When it comes to job interviews, there can be a lot of pressure and if the nerves get the better of you, it could be easy to miss subtle red flags that the position isn’t quite what you’re after.
While the interviewer is gathering information about you as a potential candidate during the session, it’s equally important for you to be watching out for what they might be like as an employer.
But what warning signs should you be looking out for that you shouldn’t work somewhere?
A job seeker recently took to Reddit to ask fellow users what subtle red flags they had spotted during interviews that made them walk away from a job.
One person shared the story of a rude manager who didn’t even show up for the interview.
They said: “I once showed up for an interview and the manager wasn’t there that day. No one called me to let me know.
“The assistant manager was not apologetic for the scheduling issue at all. She was literally just like ‘oh, she’s not here today’ in a tone that suggested I should somehow already know that. She said they would call me to reschedule some time the next week. I told her I was currently unavailable M-W but could come in any time Th-F.
“She said if I couldn’t make time for the interview, I probably wouldn’t be a good fit. I said okay, and went on to my other interviews and ending up working elsewhere.
“You’d think that would be the end of it, but both the manager and the assistant manager badmouthed me to a few other people in the industry, including one of my friends.
“Hello? I made time for an interview. You disrespected me by not calling me to let me know it was cancelled. I gave you the times I was available to reschedule, and that was disrespectful somehow?”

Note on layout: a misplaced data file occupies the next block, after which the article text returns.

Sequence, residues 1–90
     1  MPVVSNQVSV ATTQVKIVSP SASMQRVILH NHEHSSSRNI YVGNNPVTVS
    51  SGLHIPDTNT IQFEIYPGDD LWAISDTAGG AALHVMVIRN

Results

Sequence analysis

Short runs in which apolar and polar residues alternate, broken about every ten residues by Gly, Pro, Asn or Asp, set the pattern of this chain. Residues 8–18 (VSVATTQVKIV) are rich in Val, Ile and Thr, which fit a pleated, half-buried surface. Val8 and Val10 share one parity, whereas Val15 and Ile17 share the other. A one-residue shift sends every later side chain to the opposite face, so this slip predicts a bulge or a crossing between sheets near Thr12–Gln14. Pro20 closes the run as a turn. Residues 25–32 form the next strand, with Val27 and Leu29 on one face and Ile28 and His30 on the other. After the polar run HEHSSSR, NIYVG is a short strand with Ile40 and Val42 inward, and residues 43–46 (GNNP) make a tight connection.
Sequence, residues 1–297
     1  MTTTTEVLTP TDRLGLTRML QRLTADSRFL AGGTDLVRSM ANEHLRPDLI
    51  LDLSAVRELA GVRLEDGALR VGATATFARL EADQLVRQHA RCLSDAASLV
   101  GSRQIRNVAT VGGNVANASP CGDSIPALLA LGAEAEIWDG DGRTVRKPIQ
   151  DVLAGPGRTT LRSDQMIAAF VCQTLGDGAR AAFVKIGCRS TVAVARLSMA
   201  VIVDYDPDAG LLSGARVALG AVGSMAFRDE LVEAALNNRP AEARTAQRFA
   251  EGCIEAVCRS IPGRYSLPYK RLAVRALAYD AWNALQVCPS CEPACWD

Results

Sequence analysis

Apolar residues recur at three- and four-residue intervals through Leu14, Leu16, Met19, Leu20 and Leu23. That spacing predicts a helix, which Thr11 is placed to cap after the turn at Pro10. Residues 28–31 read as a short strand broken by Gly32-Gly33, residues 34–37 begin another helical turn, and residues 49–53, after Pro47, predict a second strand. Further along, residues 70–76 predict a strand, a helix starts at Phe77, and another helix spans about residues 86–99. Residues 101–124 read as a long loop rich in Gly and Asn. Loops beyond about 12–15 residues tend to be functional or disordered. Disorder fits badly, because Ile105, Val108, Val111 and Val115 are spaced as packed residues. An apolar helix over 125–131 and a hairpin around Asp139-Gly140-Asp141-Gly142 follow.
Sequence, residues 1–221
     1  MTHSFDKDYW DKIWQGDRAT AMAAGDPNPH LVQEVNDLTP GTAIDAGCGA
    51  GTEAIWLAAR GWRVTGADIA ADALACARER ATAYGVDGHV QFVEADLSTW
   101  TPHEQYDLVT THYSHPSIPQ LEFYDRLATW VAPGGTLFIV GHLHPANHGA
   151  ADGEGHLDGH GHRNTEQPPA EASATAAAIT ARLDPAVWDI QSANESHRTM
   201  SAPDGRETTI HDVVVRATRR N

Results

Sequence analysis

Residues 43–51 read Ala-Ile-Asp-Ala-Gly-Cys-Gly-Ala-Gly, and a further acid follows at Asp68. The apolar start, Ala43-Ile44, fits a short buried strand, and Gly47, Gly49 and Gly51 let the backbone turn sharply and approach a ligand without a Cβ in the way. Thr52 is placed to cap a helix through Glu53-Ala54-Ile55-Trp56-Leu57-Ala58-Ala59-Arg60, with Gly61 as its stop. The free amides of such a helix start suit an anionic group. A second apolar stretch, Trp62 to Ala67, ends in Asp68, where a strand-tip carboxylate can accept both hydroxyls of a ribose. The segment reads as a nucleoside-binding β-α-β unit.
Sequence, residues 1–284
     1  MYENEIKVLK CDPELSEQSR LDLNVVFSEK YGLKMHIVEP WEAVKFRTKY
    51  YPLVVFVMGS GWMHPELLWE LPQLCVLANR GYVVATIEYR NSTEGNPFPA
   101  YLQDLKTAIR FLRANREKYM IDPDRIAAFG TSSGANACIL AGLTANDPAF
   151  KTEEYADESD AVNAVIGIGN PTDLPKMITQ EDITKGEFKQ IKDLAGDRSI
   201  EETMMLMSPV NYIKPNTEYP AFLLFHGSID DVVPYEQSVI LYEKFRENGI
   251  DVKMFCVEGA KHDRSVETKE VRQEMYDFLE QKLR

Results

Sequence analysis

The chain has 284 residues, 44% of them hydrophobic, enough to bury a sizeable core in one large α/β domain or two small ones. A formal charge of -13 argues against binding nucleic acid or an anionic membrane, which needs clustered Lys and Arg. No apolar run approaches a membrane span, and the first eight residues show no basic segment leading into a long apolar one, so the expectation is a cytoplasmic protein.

Someone else told how they were asked to give up their free time and work on weekends unpaid.
“Once an interviewer straight up asked me if I had any trouble working for free on weekends… I told them my free time is more valuable than anything and that the only way that I would work a weekend is if they are paying me and if I felt like working a weekend. She got really mad at me and ended the interview right away.”
A different Reddit user urged people to ask about staff turnover.
They wrote: “If they’re always hiring.
“Constant staff turnover means people quit a lot, so it must be bad.”
Another person replied: “When you ask, ‘what do you like about working here’ and the interviewer talks about the location of the job (‘it’s a great place to live!’) instead of the actual job.”
A fifth person commented: “Always ask the interviewer about the last person who worked the position you are interviewing for, how long they worked, and why they left. Their answers can be very telling of the work environment.”